The breed is famous for three gaits, their natural walk, the running walk, and the canter. Horses in a running walk overstride. So, the back hoof is placed ahead of the front hoof print. The conformation of the horse and the long bottom line is one of the reasons this is possible.
Tennessee Walking Horses have a sweet and easygoing temperament. They are a joy to be around and very kind. Finally, they are safe for the smallest riders and extremely popular with returning and senior riders who need a smoother ride and a more forgiving horse that will remain calm and quiet. The horses inspire confidence in their riders.
The Running Walk
Tennessee Walking Horses are famous because of their running walk. They are born knowing how to running walk; horses inherit the gait. The running walk is a four-beat gait that feels similar to sitting on a glider. The horse’s head bobs and weaves with each step of the glide. A horse can travel six to 12 miles per hour at a running walk. Neither horses nor riders tire quickly in this efficient gait.
There are several variations of the running walk. For example, some horses step out in a fox-trot, a rack, a stepping-pace, or a single-foot. All these variations are smooth and comfortable. Recreational riders enjoy these variations, but the show ring does not call for these gaits.
Unfortunately, the story of the Tennessee Walking Horse has some troubling chapters where horses were not treated well. Competition can bring out the best or the worst in people, and as a result, the Tennessee Walking Horse has seen some of the worst.
Shows judge horses on their gaits. Naturally, the running walk carries a lot of weight on the way to winning a blue ribbon. Unscrupulous horse persons started using huge packages of shoes and pads to achieve what they call the “big lick” or extreme rolling action of the Tennessee Walking Horse’s gaits. Some also inflicted pain on the legs to create bigger action in the gait.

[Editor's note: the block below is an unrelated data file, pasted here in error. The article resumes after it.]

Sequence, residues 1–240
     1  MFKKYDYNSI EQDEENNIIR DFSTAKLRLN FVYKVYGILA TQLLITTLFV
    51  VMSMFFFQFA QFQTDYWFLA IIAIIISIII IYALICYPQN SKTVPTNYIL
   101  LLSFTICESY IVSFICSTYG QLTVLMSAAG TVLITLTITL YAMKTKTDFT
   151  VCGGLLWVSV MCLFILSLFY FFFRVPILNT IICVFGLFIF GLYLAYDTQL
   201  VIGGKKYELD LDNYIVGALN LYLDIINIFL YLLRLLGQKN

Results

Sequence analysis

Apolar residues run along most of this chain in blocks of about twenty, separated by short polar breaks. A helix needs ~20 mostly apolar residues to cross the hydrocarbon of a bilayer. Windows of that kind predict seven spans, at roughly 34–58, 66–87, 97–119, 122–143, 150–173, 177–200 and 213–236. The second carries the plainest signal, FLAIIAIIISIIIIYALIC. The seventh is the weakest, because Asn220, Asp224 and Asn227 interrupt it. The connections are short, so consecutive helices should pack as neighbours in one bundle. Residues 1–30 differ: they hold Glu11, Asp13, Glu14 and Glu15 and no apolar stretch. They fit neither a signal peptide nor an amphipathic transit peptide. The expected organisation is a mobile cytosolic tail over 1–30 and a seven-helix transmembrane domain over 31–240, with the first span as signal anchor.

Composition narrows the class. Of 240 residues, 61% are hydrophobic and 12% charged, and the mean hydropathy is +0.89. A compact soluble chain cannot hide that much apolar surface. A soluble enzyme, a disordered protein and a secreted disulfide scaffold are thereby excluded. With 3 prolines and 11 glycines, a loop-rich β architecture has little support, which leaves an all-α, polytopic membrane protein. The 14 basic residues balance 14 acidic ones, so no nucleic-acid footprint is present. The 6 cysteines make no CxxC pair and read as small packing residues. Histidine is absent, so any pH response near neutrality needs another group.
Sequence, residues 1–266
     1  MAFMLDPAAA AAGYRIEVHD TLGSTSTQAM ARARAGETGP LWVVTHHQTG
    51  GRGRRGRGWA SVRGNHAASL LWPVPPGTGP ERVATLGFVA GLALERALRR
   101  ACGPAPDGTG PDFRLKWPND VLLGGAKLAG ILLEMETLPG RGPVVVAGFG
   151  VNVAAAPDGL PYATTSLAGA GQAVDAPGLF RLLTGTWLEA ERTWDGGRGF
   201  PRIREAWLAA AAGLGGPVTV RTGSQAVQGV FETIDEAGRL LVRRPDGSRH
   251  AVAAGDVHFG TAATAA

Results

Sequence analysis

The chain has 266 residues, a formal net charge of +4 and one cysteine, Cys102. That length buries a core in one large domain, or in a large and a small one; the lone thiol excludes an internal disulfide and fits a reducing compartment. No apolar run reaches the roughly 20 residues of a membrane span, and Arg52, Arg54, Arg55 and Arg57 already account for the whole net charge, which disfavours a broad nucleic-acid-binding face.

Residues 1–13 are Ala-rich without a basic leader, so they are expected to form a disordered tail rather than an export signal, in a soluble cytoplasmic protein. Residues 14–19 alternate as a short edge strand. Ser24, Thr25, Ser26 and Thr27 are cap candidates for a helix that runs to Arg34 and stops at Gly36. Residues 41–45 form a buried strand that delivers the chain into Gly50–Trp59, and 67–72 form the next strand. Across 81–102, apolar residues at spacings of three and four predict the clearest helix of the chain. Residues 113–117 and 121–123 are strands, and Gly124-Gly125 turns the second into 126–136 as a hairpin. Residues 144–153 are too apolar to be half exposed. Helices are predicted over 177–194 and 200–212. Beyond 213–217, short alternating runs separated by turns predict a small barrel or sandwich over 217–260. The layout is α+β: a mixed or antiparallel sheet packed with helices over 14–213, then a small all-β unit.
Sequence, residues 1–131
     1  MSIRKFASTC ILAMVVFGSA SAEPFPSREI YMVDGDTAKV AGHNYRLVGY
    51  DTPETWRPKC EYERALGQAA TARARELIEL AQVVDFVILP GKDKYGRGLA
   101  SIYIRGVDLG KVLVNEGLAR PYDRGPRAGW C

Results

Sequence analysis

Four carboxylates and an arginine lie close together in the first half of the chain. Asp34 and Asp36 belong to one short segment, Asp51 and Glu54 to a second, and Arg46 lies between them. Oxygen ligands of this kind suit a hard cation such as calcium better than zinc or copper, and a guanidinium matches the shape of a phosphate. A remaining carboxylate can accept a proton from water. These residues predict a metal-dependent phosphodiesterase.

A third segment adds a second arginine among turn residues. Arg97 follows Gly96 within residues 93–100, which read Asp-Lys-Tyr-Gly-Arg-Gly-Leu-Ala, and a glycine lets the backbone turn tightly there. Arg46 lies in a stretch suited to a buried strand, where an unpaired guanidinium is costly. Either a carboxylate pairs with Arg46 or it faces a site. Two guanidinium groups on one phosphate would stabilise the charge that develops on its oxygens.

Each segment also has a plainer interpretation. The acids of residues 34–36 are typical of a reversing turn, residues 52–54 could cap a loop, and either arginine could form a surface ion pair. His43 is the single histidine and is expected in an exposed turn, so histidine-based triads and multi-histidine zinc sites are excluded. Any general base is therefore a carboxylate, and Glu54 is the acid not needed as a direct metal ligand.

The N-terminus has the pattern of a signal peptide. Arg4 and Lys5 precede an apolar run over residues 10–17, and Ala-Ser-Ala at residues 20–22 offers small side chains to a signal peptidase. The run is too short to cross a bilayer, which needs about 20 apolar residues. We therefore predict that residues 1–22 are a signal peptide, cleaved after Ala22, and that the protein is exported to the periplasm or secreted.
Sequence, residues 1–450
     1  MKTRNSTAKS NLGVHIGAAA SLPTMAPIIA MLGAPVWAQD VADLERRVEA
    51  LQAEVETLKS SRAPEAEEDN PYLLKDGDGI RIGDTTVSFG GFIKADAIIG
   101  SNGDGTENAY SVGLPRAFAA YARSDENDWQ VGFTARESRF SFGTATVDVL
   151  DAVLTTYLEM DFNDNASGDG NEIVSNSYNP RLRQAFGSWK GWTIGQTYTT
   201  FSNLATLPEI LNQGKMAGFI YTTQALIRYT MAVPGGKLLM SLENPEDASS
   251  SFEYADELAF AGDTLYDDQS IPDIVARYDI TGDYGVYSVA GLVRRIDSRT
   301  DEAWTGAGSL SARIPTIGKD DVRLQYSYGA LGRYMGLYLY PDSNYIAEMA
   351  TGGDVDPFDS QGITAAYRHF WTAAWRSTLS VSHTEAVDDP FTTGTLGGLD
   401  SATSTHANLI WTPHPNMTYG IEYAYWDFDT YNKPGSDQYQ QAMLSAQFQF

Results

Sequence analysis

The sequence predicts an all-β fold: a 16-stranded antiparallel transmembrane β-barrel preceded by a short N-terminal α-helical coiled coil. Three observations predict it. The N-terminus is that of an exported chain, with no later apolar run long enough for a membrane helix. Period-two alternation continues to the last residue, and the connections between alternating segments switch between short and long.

Consequently, lawsuits were filed to protect the horses. The United States Department of Agriculture, the American Veterinary Medical Association, and the American Association of Equine Practitioners have worked to reduce the mistreatment of Tennessee Walking Horses. Although there are still instances of ethical issues within the breed, the show horses’ situation is much improved. Both of these practices mentioned above are now illegal in the horse show world.
The Tennessee Walking Horse Today
Today’s Tennessee Walking Horse is a popular recreational mount and beloved by those who breed and own them. They participate in trail programs, sport riding including reining and western, jumping, youth programs, driving, and showing. In fact, one of the horses that played Trigger, Roy Rogers’ horse, was a Tennessee Walker.
Each year, Shelbyville, Tennessee hosts the National Celebration, a 10-day horse show where many from the breed compete as well as showcase their talent. More importantly, these kind and affectionate horses are in barns across the country every day, teaching people how to ride, helping them regain their confidence, or sharing the trail with a senior rider.